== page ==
Shoestring fries, also known as skinny fries or frites, are a classic type of french fry distinguished by their thin, matchstick-like shape. While they take a bit more effort to prepare than thick-cut fries, their light and crispy texture makes them a favorite among fry lovers. This guide will provide an overview of shoestring fries including popular recipes and techniques for preparing them at home.
Common Types of Shoestring Fries
There are a few main varieties of shoestring fries available:
Homemade Fries: The thinnest type of shoestring fry made from potato strips cut by hand at home. Homemade fries allow you to control thickness and ensure perfectly uniform size.
** packaged Shoestring/Skinny Fries:** Found in the frozen food aisle, packaged shoestring fries are uniform potato strips that have been pre-cut and par-fried or blanched for convenience. Simply bake or fry to finish.
Steakhouse Fries: Slightly thicker than standard shoestring fries, steakhouse fries are long, thin cuts that develop an extra crispy exterior when double-fried.
Waffle Fries: While not quite as thin as typical shoestring fries, waffle fries have a distinctive wavy, ridged shape that also lends to crispiness when fried.
No matter the variety, the thin strips of shoestring fries ensure a maximum crunch factor in every bite. Their increased surface area compared to thicker fries allows them to achieve an unparalleled crisp texture.
Popular Shoestring Fries Recipes
Here are recipes for preparing different types of homemade shoestring fries:
Oven-Baked Shoestring Fries
- Russet or Yukon Gold potatoes
- Vegetable or peanut oil
- Kosher salt
- Preheat oven to 450°F and line a baking sheet with parchment paper.
- Peel potatoes and slice into evenly thin strips about 1/8 inch thick using a mandoline slicer or very sharp knife.
- Toss potato strips with 2 Tbsp oil until lightly coated.
- Arrange fries in a single layer on prepared baking sheet.
- Bake for 20 minutes, then flip and bake 10-15 more minutes until crispy and light golden brown.
- Season with salt while hot and serve.
Double-Fried French Fries
- Peanut or vegetable oil for frying
- Russet potatoes, sliced into 1/8 inch sticks
- Kosher salt
- In a large pot, heat 2-3 inches of oil to 325°F.
- Working in small batches, fry potatoes for about 3-4 minutes until slightly softened but not browned.
- Remove with slotted spoon to paper towels to drain.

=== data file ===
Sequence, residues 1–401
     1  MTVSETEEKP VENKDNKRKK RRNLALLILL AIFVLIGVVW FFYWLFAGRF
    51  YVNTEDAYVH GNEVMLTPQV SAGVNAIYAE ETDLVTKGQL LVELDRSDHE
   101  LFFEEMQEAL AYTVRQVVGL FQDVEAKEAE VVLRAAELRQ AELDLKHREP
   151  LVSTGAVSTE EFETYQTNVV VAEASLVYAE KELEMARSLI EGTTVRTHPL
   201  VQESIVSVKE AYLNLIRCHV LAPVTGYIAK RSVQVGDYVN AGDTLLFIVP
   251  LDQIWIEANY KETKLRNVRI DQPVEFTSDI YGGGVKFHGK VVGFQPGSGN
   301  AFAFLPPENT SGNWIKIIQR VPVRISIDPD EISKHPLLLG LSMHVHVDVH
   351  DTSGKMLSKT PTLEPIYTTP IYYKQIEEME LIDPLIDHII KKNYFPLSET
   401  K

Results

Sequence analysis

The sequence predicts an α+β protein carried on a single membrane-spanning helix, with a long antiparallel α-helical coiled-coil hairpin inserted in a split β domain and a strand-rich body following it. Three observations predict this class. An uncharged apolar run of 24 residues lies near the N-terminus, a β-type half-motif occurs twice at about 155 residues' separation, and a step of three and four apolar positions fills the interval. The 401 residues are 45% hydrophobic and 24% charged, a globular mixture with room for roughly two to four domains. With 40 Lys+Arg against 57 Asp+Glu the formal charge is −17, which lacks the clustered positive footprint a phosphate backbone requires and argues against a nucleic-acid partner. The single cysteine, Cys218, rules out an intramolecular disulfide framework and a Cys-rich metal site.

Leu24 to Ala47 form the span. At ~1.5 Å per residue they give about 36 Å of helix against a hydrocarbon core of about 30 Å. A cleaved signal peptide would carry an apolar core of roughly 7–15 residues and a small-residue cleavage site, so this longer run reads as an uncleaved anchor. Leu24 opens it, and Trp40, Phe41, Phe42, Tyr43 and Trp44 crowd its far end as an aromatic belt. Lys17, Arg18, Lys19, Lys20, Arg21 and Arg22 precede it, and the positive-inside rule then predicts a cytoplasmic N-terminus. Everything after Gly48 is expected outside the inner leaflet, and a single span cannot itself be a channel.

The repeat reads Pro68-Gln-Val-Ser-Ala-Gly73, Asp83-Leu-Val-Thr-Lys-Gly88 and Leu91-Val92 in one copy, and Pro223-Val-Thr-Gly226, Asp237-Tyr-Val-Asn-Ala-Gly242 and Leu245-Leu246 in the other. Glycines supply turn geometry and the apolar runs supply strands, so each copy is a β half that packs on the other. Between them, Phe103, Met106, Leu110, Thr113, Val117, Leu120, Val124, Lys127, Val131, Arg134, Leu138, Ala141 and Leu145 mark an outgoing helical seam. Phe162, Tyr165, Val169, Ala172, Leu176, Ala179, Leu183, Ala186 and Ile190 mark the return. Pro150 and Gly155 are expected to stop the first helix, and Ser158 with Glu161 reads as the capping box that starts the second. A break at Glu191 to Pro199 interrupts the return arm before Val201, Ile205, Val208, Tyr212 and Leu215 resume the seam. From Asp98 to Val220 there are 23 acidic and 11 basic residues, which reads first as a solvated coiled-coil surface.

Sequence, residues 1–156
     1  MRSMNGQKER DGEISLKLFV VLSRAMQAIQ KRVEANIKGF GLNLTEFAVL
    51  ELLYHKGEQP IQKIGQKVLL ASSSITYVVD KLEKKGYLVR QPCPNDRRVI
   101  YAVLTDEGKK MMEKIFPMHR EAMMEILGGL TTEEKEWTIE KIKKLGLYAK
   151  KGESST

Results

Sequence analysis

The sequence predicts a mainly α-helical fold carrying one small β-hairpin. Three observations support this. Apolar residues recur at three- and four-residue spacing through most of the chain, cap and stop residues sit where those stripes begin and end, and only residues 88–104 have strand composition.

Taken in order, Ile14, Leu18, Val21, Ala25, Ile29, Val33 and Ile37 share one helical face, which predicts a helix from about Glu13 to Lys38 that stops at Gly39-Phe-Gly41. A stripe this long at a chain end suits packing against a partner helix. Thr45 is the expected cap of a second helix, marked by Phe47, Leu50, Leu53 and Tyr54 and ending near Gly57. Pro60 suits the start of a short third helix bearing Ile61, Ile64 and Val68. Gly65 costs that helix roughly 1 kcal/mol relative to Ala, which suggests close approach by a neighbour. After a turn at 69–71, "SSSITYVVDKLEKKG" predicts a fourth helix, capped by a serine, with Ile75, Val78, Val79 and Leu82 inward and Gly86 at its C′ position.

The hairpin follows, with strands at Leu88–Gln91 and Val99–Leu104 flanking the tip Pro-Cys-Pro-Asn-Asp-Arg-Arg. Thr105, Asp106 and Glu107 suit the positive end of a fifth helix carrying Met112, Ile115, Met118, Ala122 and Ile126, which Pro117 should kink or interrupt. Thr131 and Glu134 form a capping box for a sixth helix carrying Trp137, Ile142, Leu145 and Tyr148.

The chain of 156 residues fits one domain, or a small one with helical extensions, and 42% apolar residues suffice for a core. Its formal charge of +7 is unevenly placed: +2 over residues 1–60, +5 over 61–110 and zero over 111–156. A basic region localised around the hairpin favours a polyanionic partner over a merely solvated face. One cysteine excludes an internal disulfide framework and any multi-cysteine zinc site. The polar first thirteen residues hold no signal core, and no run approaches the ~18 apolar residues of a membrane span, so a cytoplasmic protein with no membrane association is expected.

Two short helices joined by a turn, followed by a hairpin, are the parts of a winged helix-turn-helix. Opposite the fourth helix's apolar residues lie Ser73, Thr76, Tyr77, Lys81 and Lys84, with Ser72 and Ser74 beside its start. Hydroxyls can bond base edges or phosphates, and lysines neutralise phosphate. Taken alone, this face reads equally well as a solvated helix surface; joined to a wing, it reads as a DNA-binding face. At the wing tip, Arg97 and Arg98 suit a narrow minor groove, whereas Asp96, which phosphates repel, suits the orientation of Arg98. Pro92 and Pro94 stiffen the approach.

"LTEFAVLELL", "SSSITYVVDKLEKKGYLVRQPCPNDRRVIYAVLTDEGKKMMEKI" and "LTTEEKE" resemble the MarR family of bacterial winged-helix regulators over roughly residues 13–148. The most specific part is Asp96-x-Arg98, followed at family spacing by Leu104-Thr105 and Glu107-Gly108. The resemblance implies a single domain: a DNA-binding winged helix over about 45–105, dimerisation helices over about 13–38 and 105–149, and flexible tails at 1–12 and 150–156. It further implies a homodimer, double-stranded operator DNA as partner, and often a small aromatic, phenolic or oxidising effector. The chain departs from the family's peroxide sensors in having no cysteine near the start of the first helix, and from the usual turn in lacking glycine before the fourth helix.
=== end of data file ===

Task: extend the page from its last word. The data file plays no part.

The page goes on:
- Once all potatoes are par-cooked, reheat oil to 375°F.
- Fry in smaller batches for 2-3 more minutes until crispy and golden brown.
- Drain on paper towels and immediately season with salt. Enjoy!
Steakhouse-Style Shoestring Fries
Follow the double-fry method but cut potatoes into slightly thicker 1/4 inch sticks for a richer steakhouse fry flavor.
Tips for Perfect Shoestring Fries
Here are some additional tips for ensuring shoestring fries turn out crispy every time:
- Use high starch potatoes like Russets for maximum crispness. Yukon Golds also work well.
- Cut evenly thin, about 1/8 inch thick for standard shoestring size. A mandoline or French fry cutter creates uniform strips.
- Rinse cut potatoes and pat completely dry before frying to prevent excess moisture.
- For oven baking, toss lightly with oil to coat versus soaking in oil.
- Fry in small batches to prevent overcrowding the oil. Crowding leads to soggy fries.
- Partially pre-cooking fries in oil helps them crisp up without burning during second frying or baking.
- For oven fries, stagger baking times so not all fries are done at once keeping first batches hot and crispy.
- Season fries immediately after frying while still hot for best flavor absorption.
With the right potato varietal and careful preparation, it’s easy to achieve shoestring fries with an irresistibly crisp texture at home. Their slender size maximizes crispiness in every bite.
Whether custom cut or store-bought, shoestring fries offer a lighter and more intensely crispy snack than their thicker fry counterparts. Their thin, elongated shape provides maximum surface area for optimal crunch and zero compromise on flavor. With the right recipe and cooking method, shoestring fries can be enjoyed anytime—a testimony to their simple deliciousness. Whether as a hearty side dish or snack, their skinny size is deceiving; shoestring fries pack intense potatoey goodness in every bite.
What are some other popular types of fries besides shoestring fries?
- Sliced thicker than shoestrings, usually 1/2 to 3/4 inch wide.
- The increased thickness allows the inside to become fluffy and soft while the outside develops a thick, crispy crust during frying.
- Often used as an accompaniment to steak or burgers.
- Potatoes are cut lengthwise into long spiral strands using a special curly fry cutter or knife.
- This results in fries with a distinctive ridged, wavy texture from the spiral shape.
- The ridges and folds catch oil during frying, developing an extra crispy exterior.
- Have a square or rectangular waffle-like shape achieved using a waffle fry cutter or knife.
- The ridges and depressions of the waffle shape maximize surface area for enhanced browning and crunch.
- Irregular shaped strips that are crinkled or wavy on the edges.
- The zig-zagged edges increase the amount of exposed surface for more Maillard browning during frying.
- Produce an irregularly textured fry that is both crunchy and soft.
- Plain fries are coated or dusted with herbs, seasonings or spice blends before frying.
- This adds layers of flavor like cajun, garlic parmesan, salt and vinegar, etc.
- Seasonings toast and crisp during frying for extra pizazz.
I hope this helps provide more context around the characteristics of these different fry varieties! Let me know if any part needs more explanation.